Searching over 5,500,000 cases.


searching
Buy This Entire Record For $7.95

Download the entire decision to receive the complete text, official citation,
docket number, dissents and concurrences, and footnotes for this case.

Learn more about what you receive with purchase of this case.

Motor Vehicle Administration v. Medvedeff

Court of Appeals of Maryland

December 19, 2019

MOTOR VEHICLE ADMINISTRATION
v.
Ariel A. MEDVEDEFF

          Argued: October 7, 2019

Page 956

          Circuit Court for Carroll County, Case No. C-06-CV-18-000090, Thomas F. Stansfield, Judge.

         Argued by Leight D. Collins, Asst. Atty. Gen., (Brian E. Frosh, Atty. Gen., of Maryland, Glen Burnie, MD), on brief, for Petitioner.

         Argued by Kelly S. Kylis (McNamee, Hosea, Jernigan, Kim, Greenan & Lynch, P.A., Annapolis, MD), on brief, for Respondent.

         Argued before: Barbera, C.J., McDonald, Watts, Hotten, Getty, Booth, Alan M. Wilner (Senior Judge, Specially Assigned), JJ.

          OPINION

         Hotten, J.

Page 957

          [466 Md. 458] This appeal was taken from a decision of the Circuit Court for Carroll County, which affirmed the decision of an Administrative Law Judge ("ALJ"), holding that an officer did not have reasonable grounds to believe Ariel Medvedeff ("Respondent") was driving or attempting to drive a motor vehicle while impaired, when the officer approached the vehicle following a traffic infraction, observed Respondent sitting in the driver’s seat, and smelled alcohol on her breath and person. [466 Md. 459] The Motor Vehicle Administration ("Petitioner") appealed the decision by the ALJ and the circuit court, and presents a single issue for our review:

Did the administrative law judge err in imposing his credibility determinations and inferences from circumstances at the scene of the drunk driving arrest to make a legal determination that the detaining officer lacked reasonable grounds to suspect that [Respondent], who was seated in the driver’s seat after a traffic stop, was driving the vehicle, and therefore the officer could not request that she take an alcohol concentration test under Transportation Article § 16-205.1?

          For reasons we shall explain infra, we answer that question in the affirmative and reverse the decision of the Circuit Court for Carroll County.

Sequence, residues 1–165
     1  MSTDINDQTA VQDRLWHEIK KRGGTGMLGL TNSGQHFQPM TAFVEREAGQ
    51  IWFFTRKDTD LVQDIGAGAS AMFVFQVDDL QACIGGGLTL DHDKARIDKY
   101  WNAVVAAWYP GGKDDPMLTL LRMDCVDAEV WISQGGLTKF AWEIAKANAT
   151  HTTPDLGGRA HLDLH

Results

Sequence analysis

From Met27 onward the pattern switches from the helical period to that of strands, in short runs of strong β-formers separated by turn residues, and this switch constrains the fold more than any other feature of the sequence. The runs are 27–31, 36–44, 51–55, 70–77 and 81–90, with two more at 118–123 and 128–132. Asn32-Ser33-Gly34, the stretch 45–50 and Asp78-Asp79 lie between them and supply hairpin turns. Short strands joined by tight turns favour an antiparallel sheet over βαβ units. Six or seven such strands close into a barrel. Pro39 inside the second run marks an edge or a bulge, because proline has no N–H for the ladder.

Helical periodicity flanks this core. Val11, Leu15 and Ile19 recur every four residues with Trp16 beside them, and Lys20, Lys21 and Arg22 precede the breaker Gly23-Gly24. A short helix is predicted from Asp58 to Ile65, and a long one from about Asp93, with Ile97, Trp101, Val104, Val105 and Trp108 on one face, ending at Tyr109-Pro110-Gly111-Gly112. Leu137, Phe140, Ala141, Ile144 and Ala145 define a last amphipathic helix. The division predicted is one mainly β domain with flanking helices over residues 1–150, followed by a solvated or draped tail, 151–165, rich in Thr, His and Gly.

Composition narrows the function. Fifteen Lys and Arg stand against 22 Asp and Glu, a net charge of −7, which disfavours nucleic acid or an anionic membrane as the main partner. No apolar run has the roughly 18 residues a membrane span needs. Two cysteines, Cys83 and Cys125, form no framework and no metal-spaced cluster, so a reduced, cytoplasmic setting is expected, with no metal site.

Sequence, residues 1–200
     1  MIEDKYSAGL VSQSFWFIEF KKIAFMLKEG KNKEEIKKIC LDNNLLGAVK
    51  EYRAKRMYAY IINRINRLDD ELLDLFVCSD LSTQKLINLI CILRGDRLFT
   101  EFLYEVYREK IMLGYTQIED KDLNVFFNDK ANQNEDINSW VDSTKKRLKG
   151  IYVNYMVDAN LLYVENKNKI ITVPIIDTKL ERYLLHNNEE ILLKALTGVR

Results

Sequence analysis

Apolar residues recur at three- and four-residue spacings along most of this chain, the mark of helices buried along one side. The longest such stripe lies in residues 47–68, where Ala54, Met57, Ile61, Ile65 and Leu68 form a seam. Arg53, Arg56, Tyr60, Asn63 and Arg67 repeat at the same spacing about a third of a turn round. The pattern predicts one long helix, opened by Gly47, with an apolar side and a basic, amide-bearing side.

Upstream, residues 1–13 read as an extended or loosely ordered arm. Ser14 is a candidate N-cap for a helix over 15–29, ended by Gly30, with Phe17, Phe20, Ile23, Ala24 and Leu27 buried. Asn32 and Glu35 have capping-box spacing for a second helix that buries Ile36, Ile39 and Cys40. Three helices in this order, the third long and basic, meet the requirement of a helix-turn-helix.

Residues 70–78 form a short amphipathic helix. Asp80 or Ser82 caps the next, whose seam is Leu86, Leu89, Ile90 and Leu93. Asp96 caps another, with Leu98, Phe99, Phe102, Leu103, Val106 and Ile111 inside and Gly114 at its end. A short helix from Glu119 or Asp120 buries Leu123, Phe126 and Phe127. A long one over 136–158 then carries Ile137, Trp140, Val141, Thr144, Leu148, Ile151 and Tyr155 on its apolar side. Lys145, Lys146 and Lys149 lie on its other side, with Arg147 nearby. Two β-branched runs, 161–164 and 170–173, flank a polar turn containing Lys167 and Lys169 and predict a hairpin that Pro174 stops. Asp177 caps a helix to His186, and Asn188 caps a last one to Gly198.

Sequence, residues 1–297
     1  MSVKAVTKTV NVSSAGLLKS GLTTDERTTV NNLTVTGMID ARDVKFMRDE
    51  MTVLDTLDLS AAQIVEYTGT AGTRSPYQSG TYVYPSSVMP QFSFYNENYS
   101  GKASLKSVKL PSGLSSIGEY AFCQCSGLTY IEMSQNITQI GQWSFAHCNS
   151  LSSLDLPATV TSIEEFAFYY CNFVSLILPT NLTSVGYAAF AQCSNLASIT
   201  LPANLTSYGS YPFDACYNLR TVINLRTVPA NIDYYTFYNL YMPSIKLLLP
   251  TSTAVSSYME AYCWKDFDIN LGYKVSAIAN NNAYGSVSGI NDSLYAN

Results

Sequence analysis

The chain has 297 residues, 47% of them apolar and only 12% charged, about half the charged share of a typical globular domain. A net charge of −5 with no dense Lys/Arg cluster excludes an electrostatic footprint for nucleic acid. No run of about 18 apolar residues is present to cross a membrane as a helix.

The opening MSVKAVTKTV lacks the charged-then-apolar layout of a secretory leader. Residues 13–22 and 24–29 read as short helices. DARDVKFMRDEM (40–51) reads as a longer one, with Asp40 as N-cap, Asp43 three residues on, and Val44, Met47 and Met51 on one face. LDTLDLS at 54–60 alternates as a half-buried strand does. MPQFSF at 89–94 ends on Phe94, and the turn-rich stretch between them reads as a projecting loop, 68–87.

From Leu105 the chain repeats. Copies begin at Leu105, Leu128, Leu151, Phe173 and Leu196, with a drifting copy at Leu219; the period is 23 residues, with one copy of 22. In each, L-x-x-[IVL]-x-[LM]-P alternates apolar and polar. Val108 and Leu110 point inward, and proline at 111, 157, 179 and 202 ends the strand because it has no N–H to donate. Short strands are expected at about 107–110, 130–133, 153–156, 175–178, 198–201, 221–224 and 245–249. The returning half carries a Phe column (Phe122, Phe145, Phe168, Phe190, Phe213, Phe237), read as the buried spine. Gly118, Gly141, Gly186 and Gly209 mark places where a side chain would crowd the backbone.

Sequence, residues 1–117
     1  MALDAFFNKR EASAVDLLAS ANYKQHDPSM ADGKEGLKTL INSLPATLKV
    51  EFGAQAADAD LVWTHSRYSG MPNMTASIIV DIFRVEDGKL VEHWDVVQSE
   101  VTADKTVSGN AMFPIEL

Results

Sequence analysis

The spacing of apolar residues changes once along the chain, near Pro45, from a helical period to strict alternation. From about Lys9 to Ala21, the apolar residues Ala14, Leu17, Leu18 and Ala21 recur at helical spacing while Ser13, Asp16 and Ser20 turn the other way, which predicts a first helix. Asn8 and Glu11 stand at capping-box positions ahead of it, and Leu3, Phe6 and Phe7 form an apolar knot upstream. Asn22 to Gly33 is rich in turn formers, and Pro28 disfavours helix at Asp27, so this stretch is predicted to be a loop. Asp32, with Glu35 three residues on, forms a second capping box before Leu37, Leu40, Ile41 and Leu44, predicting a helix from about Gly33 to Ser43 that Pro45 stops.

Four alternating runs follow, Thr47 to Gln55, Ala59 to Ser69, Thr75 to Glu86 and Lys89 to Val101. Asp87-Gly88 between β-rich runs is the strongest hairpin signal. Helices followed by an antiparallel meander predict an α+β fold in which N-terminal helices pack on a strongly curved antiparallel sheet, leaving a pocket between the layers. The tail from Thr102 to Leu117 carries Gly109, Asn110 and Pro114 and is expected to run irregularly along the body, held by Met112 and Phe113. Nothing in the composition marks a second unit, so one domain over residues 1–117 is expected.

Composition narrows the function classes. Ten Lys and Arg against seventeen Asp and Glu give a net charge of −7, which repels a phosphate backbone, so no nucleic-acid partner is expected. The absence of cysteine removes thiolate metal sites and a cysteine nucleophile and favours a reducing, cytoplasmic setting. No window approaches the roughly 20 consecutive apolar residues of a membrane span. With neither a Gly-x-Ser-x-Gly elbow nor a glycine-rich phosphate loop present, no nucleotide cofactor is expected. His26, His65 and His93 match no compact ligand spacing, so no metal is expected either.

FACTUAL AND PROCEDURAL BACKGROUND

          The administrative show-cause hearing elicited the following facts. On December 30, 2017 at approximately 11:45 p.m., Deputy Kathleen Yox ("Deputy Yox") and another unnamed deputy from the Carroll County Sheriff’s Department conducted a routine traffic stop of a vehicle they observed failing to stop at a stop sign in Westminster, Maryland. The vehicle— a Ford F-350 pick-up truck— made a right turn at the stop sign instead of coming to a complete stop. As a result of the traffic infraction, Deputy Yox pulled behind the pick-up truck and attempted to pull the driver over. Upon noticing the police vehicle, the driver of the pick-up truck traveled for a short distance before turning left into a shopping center parking lot, where Deputy Yox approached the vehicle from behind. At that time, Deputy Yox observed Respondent sitting in the driver’s seat. A man, who was later identified during the traffic stop as Anthony Crany ("Mr. Crany"), was seated in the back of the truck, behind Respondent.

          Upon approach, Deputy Yox detected the odor of alcohol on Respondent’s breath and person. Accordingly, Deputy Yox requested that Respondent exit the vehicle and submit to a [466 Md. 460] series of Standard Field Sobriety Tests ("SFSTs") to ascertain whether she had been driving while under the influence of or impaired by alcohol. Respondent complied with the request to exit the vehicle, while Mr. Crany remained in the backseat.

         One of the SFSTs Deputy Yox performed on Respondent was a Preliminary Breath Test. The Preliminary Breath Test sample determined that Respondent had a ...


Buy This Entire Record For $7.95

Download the entire decision to receive the complete text, official citation,
docket number, dissents and concurrences, and footnotes for this case.

Learn more about what you receive with purchase of this case.